I remember one dusk at the beginning of March 2007, shortly before the opening of the Museum at the Auditori. We had just installed the instruments in the display cabinets. Tired, I sat down in the stands of the classicism space. There was no one left, just complete silence. Before me, the eighteenth-century orchestra rested, now, in its final place, at least for a few years. Behind the instruments the glass cases protected harps, keyboards and wind instruments, and further in the background, even more showcases displayed violas and Baroque lutes.
Since I found out about the Museum’s design, I had often thought about the problems there might be with such overlap of subject matters and transparency. I imagined that it wouldn’t be easy to see a displayed object in detail, since the ones in the rear, the light and the glass would create reflections that would make vision more difficult. In that moment of peace those thoughts faded away and the Museum took on a whole new dimension. I was totally surrounded by instruments, immersed in a sea of reflections where the glass multiplied them to infinity. I could see a piece in detail from the front and the back, but at the same time I was walking through a labyrinth of sound objects where reality and mirrors blended into one. The magic of light had entered the world of music.
A few days later it came time to do the sound tests. One of the things that worried us was the interference of the different types of music between the rooms. Being in a Museum space and hearing different types of music at the same time was not the effect we were looking for. On the contrary, each historical field had to be independent: the objects, the images and the music formed a whole with no link to the next space. It was the visitor who had to decide the moment to move from the Renaissance to the Baroque or from Classicism to nineteenth-century music. Musical interference between the spaces could be considered as an introduction of the next period but thinking that in this context would be an excuse for not having successfully solved the technical problems. In fact, in the twentieth century different composers had experienced simultaneous audition of different music in the same space. Doing so at the Museum of Music, however, did not make sense and we did our utmost to minimize these sound interferences.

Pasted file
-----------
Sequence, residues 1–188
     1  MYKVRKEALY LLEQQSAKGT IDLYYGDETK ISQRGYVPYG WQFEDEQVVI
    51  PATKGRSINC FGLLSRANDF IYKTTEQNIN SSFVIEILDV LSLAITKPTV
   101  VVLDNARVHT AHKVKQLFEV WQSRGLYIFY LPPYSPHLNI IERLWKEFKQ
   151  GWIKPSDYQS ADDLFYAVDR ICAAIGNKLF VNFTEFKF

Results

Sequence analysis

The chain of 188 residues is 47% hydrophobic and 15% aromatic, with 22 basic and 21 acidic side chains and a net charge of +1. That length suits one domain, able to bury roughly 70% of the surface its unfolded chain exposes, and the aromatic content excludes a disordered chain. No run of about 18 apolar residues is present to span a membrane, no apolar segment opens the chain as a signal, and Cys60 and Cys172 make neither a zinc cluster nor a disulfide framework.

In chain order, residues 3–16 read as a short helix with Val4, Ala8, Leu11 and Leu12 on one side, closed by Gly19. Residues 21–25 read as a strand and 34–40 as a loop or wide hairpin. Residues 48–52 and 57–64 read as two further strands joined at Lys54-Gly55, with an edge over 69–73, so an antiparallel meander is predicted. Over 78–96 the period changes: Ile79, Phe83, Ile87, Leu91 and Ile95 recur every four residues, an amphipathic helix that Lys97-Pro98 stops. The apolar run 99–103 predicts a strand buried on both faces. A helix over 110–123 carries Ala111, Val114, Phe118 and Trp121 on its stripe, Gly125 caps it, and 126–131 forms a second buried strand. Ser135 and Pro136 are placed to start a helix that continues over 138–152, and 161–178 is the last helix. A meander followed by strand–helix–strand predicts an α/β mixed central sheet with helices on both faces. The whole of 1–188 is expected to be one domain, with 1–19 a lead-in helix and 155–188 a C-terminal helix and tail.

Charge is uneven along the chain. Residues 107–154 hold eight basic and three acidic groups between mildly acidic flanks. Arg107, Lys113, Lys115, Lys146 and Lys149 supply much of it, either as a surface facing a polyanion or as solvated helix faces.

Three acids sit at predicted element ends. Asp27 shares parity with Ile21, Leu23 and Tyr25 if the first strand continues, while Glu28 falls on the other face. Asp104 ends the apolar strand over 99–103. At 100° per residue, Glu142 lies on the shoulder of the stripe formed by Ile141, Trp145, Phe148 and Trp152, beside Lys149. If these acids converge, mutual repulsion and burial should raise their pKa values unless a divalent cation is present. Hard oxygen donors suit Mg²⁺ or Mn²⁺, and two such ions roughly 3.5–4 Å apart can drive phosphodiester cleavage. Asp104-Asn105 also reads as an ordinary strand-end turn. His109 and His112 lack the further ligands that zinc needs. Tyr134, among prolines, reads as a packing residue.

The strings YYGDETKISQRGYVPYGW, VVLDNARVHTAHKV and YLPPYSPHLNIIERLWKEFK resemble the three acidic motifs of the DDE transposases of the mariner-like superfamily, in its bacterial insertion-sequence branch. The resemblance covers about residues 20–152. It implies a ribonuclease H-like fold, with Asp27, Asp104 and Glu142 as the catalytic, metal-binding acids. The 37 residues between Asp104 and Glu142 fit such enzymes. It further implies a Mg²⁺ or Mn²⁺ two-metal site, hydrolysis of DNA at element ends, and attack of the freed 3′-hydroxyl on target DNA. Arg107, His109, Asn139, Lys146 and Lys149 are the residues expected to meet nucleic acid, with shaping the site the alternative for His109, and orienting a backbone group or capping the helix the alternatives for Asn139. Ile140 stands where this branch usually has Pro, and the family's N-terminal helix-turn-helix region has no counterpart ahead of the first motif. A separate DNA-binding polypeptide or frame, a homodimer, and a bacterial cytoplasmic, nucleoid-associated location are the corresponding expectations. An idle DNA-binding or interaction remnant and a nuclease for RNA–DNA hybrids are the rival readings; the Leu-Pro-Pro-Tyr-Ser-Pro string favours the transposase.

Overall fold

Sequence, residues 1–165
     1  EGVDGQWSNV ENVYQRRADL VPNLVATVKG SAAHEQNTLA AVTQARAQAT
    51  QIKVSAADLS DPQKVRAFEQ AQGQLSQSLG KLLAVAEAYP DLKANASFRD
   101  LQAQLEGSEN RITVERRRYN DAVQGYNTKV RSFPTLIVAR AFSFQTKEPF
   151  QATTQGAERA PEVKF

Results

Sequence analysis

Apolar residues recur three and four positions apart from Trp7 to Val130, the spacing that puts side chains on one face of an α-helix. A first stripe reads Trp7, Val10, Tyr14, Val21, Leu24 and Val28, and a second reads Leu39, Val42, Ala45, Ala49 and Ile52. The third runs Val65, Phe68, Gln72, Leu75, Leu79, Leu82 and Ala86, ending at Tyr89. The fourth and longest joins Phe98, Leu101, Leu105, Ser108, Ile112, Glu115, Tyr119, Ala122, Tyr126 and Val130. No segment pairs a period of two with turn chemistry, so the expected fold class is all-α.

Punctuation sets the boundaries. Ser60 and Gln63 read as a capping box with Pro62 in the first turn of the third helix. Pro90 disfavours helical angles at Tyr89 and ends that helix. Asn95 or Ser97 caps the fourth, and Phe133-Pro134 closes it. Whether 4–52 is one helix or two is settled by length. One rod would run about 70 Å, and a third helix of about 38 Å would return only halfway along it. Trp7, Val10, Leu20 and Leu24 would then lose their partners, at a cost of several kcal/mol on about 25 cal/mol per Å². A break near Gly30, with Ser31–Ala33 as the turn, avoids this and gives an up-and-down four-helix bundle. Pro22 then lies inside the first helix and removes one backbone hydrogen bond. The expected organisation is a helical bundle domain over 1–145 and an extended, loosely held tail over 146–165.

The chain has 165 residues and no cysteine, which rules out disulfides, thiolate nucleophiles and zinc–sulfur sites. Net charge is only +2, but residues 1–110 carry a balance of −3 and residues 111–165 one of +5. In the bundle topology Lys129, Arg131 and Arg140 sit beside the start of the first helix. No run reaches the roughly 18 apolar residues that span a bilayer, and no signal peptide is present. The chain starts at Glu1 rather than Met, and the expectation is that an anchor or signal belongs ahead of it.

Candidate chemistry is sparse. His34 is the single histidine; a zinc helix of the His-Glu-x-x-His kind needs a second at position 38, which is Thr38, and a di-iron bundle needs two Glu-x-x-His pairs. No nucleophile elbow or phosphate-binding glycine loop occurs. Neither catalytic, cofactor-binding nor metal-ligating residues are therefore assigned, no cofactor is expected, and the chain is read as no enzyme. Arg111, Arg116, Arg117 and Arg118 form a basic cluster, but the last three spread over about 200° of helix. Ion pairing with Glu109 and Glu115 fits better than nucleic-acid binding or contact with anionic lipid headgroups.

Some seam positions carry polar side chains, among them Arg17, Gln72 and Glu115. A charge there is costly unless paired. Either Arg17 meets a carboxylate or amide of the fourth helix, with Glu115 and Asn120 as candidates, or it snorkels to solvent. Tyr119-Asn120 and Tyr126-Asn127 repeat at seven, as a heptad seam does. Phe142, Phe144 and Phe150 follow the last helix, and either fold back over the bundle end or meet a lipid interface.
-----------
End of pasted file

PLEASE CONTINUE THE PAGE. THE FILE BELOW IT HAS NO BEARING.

Through the years I've worked in the Museum, I've had many experiences with instruments, music and people. Perhaps one day I’ll explain some of it to you, but now I’d like to talk about the place where these first memories of the Museum took me: light and sound. Specifically, white light and white sound.
White is the colour that reflects every colour of the spectrum, and black absorbs them all. So, we could say that white light contains all the colours. We’ve all seen and marvelled at that phenomenon of nature called the rainbow, which puts the colours of visible light in perfect order. The small drops of water, suspended in the atmosphere after rain, act like crystals that break down the white sunlight into the different colours that make it up.
Let’s turn aside from light and go on to sound. By analogy with light, white sound, or white noise, is spoken of, although I prefer to speak of sound and not noise.
White sound is that formed by the entire diversity of sounds that we can imagine. All the possible sound frequencies, i.e., all the imaginable notes, from the deep sound of a bass to the sharpest notes of a violin. It also includes notes that we often find dissonant or that do not fit into our musical scales. And all these sounds in different times, from micro-seconds to long-lasting sounds, and also in different intensities, from very soft to extremely strong. The colour of the sound can be added to this. It’s that quality of sound known as timbre. It enables us to distinguish the same note played by a trumpet or clarinet, or the difference in colour and timbre between people’s voices.
We could speak of sound using more technical language. In that case, we’d talk about frequencies and when speaking of white sound or white noise, we’d find that all audible frequencies were present at the same time.
Unfortunately, nature does not have a phenomenon that lines sounds up in order like the rainbow does with light. We might even ask ourselves where we can find white sound.
The experience of listening to the overlaying of different music in the Museum led me to think of a somewhat personal concept of white sound. I imagine white sound as a messy file containing all the sounds of the instruments and the music that are part of my life.
If we look to nature to find some sound that resembles white sound, we’d have to look to the sea. The roaring of the sea is a constant, changing, continuous sound. But where do we find a rainbow that puts it all in order and shows us these sounds? In this case, it’s a bit more difficult. Perhaps we could use a “sound sieve”, it’d be like a filter that would separate the notes, such as a sieve could separate shells and stones from sand. It’d be a sieve that separates melodies and instrument’s voices.
It’d be a bit of a difficult challenge to find such a device. Even though, technically, we can do it in a sound laboratory, I’ve chosen the imagination, music, poetry, memory and emotion for now. I know that every sound exists in the rumbling of the sea and that all the music that can accompany our lives are possible.
Now all I need to do is just walk along the seaside, immerse myself in its sound and slowly unravel some melodies. And, if I look carefully, I can see the instruments that give the sea its voice amidst the waves.
All sounds traverse the roar of the sea and, if I look carefully, I can see the instruments that give the sea its voice amidst the waves.